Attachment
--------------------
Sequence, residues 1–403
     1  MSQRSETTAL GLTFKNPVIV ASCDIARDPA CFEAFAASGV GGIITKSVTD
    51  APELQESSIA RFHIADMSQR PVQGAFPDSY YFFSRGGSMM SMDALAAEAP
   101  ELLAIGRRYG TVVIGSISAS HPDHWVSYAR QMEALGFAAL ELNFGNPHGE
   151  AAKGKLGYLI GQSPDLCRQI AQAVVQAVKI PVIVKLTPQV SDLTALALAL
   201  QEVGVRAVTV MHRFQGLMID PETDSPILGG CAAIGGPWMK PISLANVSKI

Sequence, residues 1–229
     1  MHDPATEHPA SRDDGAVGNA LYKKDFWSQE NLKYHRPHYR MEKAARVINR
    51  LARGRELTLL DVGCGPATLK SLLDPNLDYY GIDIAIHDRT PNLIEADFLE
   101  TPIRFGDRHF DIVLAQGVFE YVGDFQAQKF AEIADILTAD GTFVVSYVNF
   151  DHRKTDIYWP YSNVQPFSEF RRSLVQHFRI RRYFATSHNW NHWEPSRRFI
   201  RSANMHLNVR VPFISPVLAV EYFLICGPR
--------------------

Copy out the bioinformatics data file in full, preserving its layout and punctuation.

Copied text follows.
Sequence, residues 1–403
     1  MSQRSETTAL GLTFKNPVIV ASCDIARDPA CFEAFAASGV GGIITKSVTD
    51  APELQESSIA RFHIADMSQR PVQGAFPDSY YFFSRGGSMM SMDALAAEAP
   101  ELLAIGRRYG TVVIGSISAS HPDHWVSYAR QMEALGFAAL ELNFGNPHGE
   151  AAKGKLGYLI GQSPDLCRQI AQAVVQAVKI PVIVKLTPQV SDLTALALAL
   201  QEVGVRAVTV MHRFQGLMID PETDSPILGG CAAIGGPWMK PISLANVSKI

Sequence, residues 1–229
     1  MHDPATEHPA SRDDGAVGNA LYKKDFWSQE NLKYHRPHYR MEKAARVINR
    51  LARGRELTLL DVGCGPATLK SLLDPNLDYY GIDIAIHDRT PNLIEADFLE
   101  TPIRFGDRHF DIVLAQGVFE YVGDFQAQKF AEIADILTAD GTFVVSYVNF
   151  DHRKTDIYWP YSNVQPFSEF RRSLVQHFRI RRYFATSHNW NHWEPSRRFI
   201  RSANMHLNVR VPFISPVLAV EYFLICGPR